I'm always on the lookout for multiple book authors like Child, John Sanford, Crais and even Clancy and Grisham. Judging from this first book, Ms. French could be next.
This book was a nice break from the American, everything ties up neatly in the end approach. The characters are intriguing and flawed, and ultimately pay the price (and that's the good guy), but oh so compelling, the realpolitik is (gasp) realistic, the story complex and engaging.
The reader was awesome, crafting words and accents with care, precision and art. Definitely a pleasure and a lovely change of pace to listen to an English accent.
As other reviewers have said, I cleaned the kitchen much longer, took the long way home day after day and stayed up late multiple times to get to the end of this one.
First novels by great authors are one of the rarest and greatest pleasures in reading/listening. Don't miss this one.
I've been an avid reader for years and just discovered the joys of multi-tasking with audio books. It always takes a while to get "into" the flow of a new narrator and this book was no different. I enjoyed Crossley's narration, albeit most characters should have had an Irish accent. The 2 star's reflect the lack of a conclusion to one of two story lines in the book. Why would anyone want to listen/read a mystery book with no conclusion?! I was more interested in the main character's personal story concerning the unexplained loss of his two childhood friends. If the author had revealed an ending to both stories I would have given this book 4 stars, but now I'm sorry I wasted my time listening to it.
No matter where you go, there you are.
The writing style impresses at first, but that glow must have captured (and blinded) the author, as well. While a believable story line, the police characters were obscenely inaccurate and farcical.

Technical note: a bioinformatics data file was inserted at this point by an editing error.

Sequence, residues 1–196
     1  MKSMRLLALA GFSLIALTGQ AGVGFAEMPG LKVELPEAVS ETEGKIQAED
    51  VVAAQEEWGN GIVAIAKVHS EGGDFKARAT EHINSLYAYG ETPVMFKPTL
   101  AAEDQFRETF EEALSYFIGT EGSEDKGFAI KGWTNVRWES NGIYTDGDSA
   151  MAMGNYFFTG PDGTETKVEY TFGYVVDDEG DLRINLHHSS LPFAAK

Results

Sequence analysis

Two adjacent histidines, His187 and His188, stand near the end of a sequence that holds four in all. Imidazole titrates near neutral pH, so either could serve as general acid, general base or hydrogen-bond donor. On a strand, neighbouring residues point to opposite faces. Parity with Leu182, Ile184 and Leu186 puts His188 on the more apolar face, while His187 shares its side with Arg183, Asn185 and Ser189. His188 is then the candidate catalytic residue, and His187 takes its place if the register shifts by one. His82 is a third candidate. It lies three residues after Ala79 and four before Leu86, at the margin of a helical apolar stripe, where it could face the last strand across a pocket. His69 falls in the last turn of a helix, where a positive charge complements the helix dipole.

When the author chides the reader near the interminable ending about being fooled, I thought that considering the story was so thinly disguised and the guilty so obvious, she must have believed that the integrity of the story is less important than her ability to turn a phrase. When it is so obvious who dunnit, you'd better be one hell of a writer. Or hope that your audience is made up of soap opera fans. The entire final chapter, all hour of it, would better have been left in the round file.
The narrator did a fine job while keeping his tongue in his cheek!
I prefer more action, humor, and excitement in the books I listen to; but I had to give "In the Woods" five stars, because Tana French wrote it so beautifully. It proceeds slowly and quietly, without thrills and chills, to the ultimate solution of the murder mystery. The solution does not provide the happy ending that I wanted, but probably more accurately depicts real detective work in the real world. I like the reader, Steven Crossley, but it puzzled me that he never used an Irish accent, since the story takes place in Ireland. Also, it disappointed me that the protagonist -- the detective solving the murder -- never solved his own twenty-year-old mystery that had propelled him into police work in the first place. I recommend this book to people who value exquisite character development and lyrical writing, but maybe not so much to fans of the mystery-thriller genre.